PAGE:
Spartanburg mayoral candidates ready for likely run-off

SPARTANBURG, SC – The race is still on for Spartanburg’s next mayor.

Incumbent Junie White heads to a likely run-off against former chamber board chairman Todd Horne.

“I think we’ve energized a lot of people,” Horne said. Almost 38 percent of people voted for him in Tuesday’s election. “I think Spartanburg is ready for a more accessible, accountable mayor who’s more visible in this community.”

It’s a community that cast almost 49 percent of votes for incumbent mayor Junie White.

“I really hadn’t planned on running again,” White said. “It didn’t take a lot of encouragement but people asked me to run again.”

It’s the people he says who brought pride to his two terms in office. Mayor White said he stands by his decision to not attend the mayoral forum with Horne and third place candidate Lekesa Whitner, saying he does not believe it affected voters’ decisions.

“I’ve certainly enjoyed serving the city,” said White. “I think my proudest moment was when the city came together and allowed the gay rights people to march downtown.”

Horne says he can build on the city’s economic growth with his background in construction and work with the Spartanburg Chamber of Commerce.

“During my time at the Chamber, I think my record is proven,” said Horne. “I’ve helped create thousands of jobs. We recruited a lot of businesses under my leadership and I also helped start the One Spartanburg initiative.”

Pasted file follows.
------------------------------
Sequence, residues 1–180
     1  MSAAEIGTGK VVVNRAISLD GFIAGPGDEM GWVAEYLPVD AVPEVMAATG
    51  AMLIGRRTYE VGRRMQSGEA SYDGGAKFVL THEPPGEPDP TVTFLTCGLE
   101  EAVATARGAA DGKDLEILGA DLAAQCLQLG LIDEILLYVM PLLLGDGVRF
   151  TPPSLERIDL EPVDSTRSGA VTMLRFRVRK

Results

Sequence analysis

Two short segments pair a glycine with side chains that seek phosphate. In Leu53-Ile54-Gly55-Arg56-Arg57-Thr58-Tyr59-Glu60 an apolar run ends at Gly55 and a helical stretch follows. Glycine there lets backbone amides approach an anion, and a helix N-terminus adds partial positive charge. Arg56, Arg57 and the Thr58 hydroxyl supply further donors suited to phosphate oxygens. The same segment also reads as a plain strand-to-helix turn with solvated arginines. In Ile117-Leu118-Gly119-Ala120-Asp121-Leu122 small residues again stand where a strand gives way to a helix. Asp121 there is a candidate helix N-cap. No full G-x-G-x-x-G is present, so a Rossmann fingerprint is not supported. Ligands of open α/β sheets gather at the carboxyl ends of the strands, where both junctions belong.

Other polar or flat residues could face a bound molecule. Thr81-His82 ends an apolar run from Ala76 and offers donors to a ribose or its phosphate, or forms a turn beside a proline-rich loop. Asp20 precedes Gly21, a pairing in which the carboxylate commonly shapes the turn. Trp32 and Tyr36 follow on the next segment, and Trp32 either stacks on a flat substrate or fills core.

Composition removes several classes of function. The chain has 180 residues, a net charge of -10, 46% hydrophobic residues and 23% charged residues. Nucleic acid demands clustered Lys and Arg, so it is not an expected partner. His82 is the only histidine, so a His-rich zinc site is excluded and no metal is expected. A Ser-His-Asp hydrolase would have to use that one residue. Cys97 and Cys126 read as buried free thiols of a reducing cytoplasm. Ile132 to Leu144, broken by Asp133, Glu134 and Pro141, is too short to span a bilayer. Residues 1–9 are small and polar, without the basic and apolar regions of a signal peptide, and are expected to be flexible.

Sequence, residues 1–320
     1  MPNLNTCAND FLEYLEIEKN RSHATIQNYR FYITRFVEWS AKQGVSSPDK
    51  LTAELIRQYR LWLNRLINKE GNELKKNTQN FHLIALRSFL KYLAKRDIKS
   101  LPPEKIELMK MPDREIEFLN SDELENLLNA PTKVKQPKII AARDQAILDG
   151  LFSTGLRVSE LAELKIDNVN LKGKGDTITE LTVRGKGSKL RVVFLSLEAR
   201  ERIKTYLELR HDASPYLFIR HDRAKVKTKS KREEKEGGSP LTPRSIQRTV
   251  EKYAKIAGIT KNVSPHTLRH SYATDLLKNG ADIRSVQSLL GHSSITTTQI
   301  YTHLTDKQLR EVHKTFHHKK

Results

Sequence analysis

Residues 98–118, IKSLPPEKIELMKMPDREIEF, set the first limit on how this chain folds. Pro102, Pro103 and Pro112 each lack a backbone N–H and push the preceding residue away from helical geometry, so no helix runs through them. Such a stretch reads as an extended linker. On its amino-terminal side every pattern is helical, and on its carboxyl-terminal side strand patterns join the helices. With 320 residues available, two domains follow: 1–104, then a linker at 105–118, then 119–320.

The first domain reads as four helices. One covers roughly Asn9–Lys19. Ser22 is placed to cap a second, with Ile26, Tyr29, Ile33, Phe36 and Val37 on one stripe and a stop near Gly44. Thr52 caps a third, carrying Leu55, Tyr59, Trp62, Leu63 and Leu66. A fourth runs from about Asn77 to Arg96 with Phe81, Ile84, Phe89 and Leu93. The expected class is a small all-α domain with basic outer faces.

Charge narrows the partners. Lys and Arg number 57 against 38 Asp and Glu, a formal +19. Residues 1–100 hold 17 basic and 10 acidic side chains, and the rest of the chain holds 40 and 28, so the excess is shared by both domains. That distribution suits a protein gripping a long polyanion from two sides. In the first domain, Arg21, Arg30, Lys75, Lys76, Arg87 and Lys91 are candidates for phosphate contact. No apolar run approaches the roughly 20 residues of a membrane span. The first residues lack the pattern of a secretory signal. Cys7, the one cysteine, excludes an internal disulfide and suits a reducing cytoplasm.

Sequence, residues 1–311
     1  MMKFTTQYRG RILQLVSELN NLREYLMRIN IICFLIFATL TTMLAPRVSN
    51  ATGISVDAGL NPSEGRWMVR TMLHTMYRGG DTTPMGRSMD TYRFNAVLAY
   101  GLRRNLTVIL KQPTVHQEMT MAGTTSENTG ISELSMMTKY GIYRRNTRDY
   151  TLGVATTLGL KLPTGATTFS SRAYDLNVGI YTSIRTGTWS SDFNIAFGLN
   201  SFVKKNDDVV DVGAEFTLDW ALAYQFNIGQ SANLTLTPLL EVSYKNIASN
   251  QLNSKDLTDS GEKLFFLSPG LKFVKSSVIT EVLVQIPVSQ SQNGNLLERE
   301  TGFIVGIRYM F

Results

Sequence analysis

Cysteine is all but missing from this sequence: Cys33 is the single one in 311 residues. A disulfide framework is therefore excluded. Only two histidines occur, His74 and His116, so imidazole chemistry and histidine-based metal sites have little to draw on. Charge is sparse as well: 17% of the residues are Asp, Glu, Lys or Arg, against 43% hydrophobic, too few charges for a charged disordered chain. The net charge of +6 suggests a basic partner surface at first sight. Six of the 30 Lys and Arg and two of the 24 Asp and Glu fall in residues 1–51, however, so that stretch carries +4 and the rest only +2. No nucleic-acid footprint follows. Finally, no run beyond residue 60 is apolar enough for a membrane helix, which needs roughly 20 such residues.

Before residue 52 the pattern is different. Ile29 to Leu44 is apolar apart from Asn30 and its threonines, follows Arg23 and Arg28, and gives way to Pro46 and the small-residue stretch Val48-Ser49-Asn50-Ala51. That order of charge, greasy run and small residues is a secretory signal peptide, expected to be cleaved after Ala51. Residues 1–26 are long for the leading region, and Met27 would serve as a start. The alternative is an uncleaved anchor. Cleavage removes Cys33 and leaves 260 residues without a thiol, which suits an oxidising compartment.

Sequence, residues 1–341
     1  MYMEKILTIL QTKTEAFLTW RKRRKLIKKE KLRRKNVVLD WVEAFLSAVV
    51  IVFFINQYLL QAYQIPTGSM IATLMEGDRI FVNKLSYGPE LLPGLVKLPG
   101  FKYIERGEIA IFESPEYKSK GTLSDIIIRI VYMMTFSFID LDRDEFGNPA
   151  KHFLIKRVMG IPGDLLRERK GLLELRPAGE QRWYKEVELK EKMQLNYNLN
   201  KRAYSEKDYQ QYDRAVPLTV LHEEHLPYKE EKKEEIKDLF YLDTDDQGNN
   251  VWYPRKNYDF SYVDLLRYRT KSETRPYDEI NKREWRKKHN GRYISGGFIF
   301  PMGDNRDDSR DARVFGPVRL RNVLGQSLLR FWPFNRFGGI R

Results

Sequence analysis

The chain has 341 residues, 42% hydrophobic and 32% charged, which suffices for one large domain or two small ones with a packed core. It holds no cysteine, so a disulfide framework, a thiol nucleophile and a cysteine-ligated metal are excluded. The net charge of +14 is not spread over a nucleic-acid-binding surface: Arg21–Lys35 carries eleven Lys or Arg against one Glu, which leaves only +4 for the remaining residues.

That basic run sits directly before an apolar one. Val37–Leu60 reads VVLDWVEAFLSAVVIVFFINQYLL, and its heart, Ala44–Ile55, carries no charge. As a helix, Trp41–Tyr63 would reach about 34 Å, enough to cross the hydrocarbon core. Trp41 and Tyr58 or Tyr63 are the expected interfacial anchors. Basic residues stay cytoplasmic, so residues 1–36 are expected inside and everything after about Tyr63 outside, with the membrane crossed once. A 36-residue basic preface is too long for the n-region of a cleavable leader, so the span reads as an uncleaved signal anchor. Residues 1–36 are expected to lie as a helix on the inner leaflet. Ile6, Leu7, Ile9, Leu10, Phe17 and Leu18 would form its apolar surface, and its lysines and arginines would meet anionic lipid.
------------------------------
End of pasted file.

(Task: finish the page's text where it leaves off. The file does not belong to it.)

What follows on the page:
Mayor White says development during his term shows progress can continue.

“Spartanburg is changing. Everyday we’ve got new businesses coming in,” he said. “We’ve got a good council. We work together with the city team so you know it’s just leadership.”

Both candidates are preparing to get votes in a likely run-off, including voters who cast 13 percent of the ballots for Lekesa Whitner.

“I’m going to continue to listen to people. We have work that needs to be done,” said Horne, who added he is confident he will win Spartanburg’s Mayoral seat. “We’re going to keep pounding for the next two weeks.”

“We’re going into neighborhoods, knocking on doors, and we’re just campaigning,” said White. “We’re just going to have to get out and work.”

That run-off election would happen on November 21.